And then there were the boycotts: The Montgomery Bus Boycott, the Tallahassee Bus Boycott, Gandhi’s boycott of commercial salt, Chavez’s boycott to raise awareness for migrant workers, the various anti-Apartheid boycotts (South African Apartheid, to be clear), Coralnik’s attempts to boycott Nazi Germany, and many others. In many of these cases, people lost their jobs in addition to being ostracized by the community around them. I suppose we “bullies” should consider ourselves lucky that all we’re receiving are a few bitter words. Yet to enact a boycott in a post-Civil-Rights-Movement era is somehow unacceptable. Then again, the irony of a counter-boycott that specifically rails against the ethical implications of the anti-Moon boycott might have escaped a few people, particularly since Moon’s comments have a direct relation to the history of public discourse on race and ethnicity, against which boycotts have been organized (and, in some cases, have been effective in one way or another).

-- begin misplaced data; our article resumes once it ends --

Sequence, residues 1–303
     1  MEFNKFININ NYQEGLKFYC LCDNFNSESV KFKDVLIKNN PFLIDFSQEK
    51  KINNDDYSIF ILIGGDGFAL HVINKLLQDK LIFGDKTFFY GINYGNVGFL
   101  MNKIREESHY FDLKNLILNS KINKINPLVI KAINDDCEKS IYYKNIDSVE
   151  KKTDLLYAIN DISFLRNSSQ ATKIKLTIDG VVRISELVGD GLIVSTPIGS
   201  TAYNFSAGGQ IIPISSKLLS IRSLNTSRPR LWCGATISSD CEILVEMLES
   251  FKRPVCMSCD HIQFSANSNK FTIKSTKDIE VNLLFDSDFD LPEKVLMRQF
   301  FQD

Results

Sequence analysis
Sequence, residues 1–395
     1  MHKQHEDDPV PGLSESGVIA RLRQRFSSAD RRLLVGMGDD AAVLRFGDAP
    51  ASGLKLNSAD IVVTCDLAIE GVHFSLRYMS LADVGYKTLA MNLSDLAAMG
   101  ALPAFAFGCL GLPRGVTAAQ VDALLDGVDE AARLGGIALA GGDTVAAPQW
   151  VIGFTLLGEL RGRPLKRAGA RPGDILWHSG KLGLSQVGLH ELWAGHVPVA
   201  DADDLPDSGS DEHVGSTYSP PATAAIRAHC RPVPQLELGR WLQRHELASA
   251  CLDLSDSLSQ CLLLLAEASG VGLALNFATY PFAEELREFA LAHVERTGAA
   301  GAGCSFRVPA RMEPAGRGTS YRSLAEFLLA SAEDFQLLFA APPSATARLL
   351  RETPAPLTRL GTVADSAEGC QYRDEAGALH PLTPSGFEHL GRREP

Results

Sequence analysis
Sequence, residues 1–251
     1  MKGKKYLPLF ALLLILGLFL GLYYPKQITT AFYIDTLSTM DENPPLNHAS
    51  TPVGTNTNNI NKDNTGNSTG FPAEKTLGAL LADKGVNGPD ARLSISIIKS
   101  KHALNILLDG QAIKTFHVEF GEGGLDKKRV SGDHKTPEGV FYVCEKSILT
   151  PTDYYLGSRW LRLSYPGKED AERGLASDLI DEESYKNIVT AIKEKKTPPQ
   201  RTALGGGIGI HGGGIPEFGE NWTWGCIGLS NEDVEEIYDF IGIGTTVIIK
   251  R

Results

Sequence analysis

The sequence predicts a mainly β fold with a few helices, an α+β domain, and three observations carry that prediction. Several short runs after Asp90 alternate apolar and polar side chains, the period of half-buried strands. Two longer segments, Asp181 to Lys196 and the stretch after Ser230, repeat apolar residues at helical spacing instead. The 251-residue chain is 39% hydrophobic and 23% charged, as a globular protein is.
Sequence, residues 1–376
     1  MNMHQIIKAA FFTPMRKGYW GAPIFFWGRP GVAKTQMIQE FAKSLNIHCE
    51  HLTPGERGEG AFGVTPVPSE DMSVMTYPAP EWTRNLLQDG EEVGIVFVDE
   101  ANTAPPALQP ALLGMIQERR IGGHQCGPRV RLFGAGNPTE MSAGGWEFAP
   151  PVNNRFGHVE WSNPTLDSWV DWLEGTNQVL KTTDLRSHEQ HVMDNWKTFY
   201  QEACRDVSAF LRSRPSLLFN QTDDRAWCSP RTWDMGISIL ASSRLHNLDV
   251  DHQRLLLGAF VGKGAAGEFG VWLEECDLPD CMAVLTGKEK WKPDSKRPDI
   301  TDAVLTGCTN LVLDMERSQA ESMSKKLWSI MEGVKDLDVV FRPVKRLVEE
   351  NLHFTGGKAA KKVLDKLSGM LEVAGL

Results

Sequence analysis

But when all is said and done, the accusation is there: if one stands up for social justice, against racism, ethnocentrism, sexism, and so forth, one is a bully. In my case, I find this particularly amusing, since my involvement in this incident has been largely isolated to this blog (though I have commented elsewhere)(this is where the your from earlier comes in). I also find it amusing because most of what I have said on this issue, until now, has been in the comments section of blog posts that only reference the issue at hand. This suggests something even more sinister: that if I am to be considered a “bully,” then it would only be fair to consider those who have repeatedly come to argue against my various “bullying” remarks as masochists. Accusing them of sadomasochism, however, might be going too far…
I could say more about this, but I’ll leave it at that for now.